The computer architecture 8-100 may also comprise a local user interface 8-140. Depending on implementation, the user interface 8-140 may comprise local input-output circuitry for a local user interface, such as a keyboard, mouse and display (not shown). The computer architecture also comprises memory 8-150 for storing program instructions, operating parameters and variables. Reference numeral 8-160 denotes a program suite for the server computer 8-100.
The computer architecture 8-100 also comprises circuitry for various clocks, interrupts and the like, and these are generally depicted by reference numeral 8-130. The computer architecture 8-100 further comprises a storage interface 8-145 to a storage system 8-190. When the server computer 8-100 is switched off, the storage system 8-190 may store the software that implements the processing functions, and on power-up, the software is read into semiconductor memory 8-150. The storage system 8-190 also retains operating and variables over power-off periods. The various elements 8-110 through 8-150 intercommunicate via a bus 8-105, which carries address signals, data signals and control signals, as is well known to those skilled in the art.
For inputting music to be analyzed, the computer architecture 8-100 comprises at least one sound, or music, interface 8-135. By way of example, the music interface can be a microphone-level or line-level analog interface, or it can be a Universal Serial Bus (USB) interface, to name just a few of the most common types of music interfaces.
The standard performance, in turn, can be received or obtained via any of a number of digital interfaces, such as the network interfaces 8-120, 8-125, via a USB bus or a Musical Instrument Digital Interface (MIDI) bus, to name just a few of the most common types of digital interfaces. It is also possible to receive the standard performance via the music interface 8-135, possibly in analog form, and digitalize it. This way a teacher, for instance, can play a performance that the computer later uses as the standard performance.
The inventive techniques may be implemented in the computer architecture 8-100 as follows. The program suite 8-160 comprises program code instructions for instructing the processor or set of processors 8-110 to execute the functions of the inventive method, including the acts or features described in connection with FIG. 1 and, optionally, the acts or described in connection with FIGS. 2 through 7.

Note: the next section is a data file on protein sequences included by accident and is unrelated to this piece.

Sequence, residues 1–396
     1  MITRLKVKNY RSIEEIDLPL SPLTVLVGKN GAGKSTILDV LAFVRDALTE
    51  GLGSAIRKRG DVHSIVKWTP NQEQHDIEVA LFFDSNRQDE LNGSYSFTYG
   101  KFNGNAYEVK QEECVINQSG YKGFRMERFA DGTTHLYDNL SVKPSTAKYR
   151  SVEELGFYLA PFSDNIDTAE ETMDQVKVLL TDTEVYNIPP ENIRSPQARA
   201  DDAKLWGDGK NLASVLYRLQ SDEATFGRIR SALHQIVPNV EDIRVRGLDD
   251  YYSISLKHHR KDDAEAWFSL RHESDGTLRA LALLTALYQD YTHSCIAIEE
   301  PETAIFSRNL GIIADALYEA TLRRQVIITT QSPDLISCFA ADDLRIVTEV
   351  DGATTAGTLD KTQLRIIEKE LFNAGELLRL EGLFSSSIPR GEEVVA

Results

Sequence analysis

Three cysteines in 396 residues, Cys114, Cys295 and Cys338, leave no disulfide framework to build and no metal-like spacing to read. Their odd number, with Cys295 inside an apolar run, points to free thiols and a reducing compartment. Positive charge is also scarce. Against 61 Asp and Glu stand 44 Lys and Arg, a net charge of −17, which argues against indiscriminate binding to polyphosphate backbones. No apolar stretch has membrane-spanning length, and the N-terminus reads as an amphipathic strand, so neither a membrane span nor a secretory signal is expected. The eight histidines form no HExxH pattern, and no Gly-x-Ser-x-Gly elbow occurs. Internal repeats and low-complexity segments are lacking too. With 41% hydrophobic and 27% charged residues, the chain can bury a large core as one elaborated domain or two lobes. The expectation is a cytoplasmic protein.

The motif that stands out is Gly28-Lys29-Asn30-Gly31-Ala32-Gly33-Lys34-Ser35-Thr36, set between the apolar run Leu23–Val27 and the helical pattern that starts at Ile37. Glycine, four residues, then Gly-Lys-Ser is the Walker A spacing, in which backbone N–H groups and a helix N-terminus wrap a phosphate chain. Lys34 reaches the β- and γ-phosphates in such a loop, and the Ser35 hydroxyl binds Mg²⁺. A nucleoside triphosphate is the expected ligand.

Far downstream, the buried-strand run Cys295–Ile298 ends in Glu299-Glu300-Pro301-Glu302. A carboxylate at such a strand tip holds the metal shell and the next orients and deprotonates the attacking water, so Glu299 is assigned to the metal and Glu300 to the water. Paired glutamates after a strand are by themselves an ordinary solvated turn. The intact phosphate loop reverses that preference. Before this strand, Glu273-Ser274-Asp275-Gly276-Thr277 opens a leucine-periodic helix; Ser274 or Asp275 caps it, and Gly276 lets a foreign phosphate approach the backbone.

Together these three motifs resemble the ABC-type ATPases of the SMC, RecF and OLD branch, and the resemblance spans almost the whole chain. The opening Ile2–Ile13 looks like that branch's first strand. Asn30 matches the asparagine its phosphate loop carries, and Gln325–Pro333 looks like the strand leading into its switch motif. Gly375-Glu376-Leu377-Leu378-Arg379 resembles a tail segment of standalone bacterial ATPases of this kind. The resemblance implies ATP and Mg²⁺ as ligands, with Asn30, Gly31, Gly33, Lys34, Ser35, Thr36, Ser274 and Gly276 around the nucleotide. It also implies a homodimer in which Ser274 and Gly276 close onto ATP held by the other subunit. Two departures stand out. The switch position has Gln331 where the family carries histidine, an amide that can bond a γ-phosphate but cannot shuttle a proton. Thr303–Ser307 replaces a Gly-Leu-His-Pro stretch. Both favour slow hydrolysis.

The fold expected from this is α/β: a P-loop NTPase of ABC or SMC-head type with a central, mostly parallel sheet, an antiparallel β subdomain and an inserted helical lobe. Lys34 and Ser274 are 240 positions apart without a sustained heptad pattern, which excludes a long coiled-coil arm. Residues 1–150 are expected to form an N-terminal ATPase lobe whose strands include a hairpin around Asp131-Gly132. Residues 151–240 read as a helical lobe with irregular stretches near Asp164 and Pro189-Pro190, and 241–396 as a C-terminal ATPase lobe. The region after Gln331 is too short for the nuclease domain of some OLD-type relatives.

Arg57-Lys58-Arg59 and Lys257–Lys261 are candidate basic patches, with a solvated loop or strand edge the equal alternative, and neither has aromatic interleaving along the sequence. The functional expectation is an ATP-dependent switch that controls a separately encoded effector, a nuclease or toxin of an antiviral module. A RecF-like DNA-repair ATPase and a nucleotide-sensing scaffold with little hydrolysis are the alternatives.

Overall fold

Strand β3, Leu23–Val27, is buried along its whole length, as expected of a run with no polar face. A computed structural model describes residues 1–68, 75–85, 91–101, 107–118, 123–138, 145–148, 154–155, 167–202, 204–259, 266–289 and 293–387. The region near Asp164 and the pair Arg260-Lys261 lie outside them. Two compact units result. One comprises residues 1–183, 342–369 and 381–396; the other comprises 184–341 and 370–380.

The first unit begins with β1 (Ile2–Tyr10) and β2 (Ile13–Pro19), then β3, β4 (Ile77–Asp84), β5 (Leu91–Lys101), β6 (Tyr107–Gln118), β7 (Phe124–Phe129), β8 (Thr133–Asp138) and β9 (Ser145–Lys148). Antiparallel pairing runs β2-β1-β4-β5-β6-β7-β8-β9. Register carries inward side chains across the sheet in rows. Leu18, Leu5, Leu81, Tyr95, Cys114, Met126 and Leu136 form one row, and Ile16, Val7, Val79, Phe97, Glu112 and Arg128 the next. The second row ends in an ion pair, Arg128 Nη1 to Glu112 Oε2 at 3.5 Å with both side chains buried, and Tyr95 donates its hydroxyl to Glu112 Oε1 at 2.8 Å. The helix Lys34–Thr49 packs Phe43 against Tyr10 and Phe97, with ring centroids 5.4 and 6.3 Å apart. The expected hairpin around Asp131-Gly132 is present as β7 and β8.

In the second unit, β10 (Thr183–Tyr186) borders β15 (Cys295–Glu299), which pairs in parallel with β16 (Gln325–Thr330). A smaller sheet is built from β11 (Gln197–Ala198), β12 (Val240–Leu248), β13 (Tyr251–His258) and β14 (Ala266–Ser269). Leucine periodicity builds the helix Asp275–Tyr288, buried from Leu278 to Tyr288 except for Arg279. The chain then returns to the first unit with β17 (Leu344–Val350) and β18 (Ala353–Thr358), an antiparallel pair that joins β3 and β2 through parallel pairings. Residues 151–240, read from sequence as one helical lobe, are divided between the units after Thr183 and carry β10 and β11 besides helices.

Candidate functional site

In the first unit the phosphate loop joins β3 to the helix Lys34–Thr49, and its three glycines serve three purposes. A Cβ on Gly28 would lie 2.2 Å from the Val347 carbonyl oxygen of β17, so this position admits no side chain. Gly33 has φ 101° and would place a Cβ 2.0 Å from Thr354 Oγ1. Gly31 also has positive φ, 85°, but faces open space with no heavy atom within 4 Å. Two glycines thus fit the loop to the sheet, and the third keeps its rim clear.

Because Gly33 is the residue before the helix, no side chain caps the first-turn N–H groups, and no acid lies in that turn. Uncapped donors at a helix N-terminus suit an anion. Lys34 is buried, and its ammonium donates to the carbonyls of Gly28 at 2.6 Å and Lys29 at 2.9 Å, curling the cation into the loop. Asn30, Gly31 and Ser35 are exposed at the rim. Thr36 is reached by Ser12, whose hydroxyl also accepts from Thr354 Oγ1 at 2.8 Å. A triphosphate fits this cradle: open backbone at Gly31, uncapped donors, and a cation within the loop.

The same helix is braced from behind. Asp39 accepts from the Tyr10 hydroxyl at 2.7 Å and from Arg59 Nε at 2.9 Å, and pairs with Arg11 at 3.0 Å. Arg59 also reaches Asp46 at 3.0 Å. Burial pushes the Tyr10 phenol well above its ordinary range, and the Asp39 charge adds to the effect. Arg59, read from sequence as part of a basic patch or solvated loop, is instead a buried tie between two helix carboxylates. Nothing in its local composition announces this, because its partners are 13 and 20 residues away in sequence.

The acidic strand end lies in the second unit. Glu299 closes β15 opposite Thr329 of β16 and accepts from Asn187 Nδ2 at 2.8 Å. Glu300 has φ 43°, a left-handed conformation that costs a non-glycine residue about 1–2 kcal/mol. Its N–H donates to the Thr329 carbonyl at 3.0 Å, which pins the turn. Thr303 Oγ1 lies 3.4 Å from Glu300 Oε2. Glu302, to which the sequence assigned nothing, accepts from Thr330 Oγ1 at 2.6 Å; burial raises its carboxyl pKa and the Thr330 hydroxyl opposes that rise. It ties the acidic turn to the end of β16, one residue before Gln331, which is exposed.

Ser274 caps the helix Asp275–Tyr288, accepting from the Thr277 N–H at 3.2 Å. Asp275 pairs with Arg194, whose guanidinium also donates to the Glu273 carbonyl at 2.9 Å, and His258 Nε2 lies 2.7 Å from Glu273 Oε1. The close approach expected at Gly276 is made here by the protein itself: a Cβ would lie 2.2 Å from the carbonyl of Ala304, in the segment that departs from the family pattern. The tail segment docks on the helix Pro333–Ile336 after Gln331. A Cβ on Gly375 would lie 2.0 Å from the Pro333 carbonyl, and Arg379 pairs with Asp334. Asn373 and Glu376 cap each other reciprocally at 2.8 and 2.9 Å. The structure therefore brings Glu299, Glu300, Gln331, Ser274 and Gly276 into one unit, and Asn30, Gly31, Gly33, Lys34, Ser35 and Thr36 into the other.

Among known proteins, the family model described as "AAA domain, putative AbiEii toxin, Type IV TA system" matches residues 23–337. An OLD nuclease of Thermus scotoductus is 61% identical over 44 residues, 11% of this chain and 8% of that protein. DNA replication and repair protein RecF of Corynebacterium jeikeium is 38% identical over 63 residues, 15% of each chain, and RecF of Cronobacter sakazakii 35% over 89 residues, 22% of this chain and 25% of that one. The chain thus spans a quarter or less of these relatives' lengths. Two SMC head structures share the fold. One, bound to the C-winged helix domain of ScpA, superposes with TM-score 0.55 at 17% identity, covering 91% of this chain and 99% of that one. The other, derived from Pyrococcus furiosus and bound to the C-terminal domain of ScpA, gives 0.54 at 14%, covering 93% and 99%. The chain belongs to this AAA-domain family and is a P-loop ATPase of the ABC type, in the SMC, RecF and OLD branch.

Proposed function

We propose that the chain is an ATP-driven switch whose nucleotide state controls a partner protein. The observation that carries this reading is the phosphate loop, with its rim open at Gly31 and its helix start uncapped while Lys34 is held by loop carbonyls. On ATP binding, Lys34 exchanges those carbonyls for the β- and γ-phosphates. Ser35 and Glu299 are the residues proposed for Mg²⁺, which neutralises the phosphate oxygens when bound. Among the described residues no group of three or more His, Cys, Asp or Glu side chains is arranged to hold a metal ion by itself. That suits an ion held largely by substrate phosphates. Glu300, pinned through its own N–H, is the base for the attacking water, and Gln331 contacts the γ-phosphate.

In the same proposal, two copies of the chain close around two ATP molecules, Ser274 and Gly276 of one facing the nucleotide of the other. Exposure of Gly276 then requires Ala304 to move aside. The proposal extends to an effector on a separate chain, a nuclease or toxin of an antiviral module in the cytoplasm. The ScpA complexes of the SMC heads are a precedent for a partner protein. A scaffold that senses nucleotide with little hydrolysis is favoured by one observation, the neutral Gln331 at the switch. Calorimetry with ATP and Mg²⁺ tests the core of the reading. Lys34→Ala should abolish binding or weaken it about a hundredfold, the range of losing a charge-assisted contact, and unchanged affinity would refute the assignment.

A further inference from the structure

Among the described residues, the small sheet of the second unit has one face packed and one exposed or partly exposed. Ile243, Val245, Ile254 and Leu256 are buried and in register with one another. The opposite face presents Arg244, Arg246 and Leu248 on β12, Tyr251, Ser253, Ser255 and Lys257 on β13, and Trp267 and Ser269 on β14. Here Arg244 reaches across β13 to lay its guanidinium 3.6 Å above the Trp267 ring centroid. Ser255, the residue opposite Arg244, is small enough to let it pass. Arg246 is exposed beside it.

- Further Optional Features and Variations
The various optional features described in connection with different drawings can be combined freely. In other words, the optional features are not restricted to the embodiments in connection with which they are first described. For instance, the non-symmetrical placement of the “correct” and “missed” corners 2-10′, 2-16′ about the x axis can be applied to the corners 2-12, 2-14 of the “low” and “high” classes. The different g1 and g2 factors for the x and y parameters in equations (1) and (2), as shown in connection with FIG. 7, can be combined with other optional features. The same holds for the embodiment described in connection with FIG. 4, wherein a match or coupling factor between a parameter value and the classification is calculated, and this coupling factor is used to reduce step size for parameter values that are closed to borderline values. Alternatively, the match or coupling factor may be applied for step sizes towards the “low” or “high” corners but not towards the “correct” corner.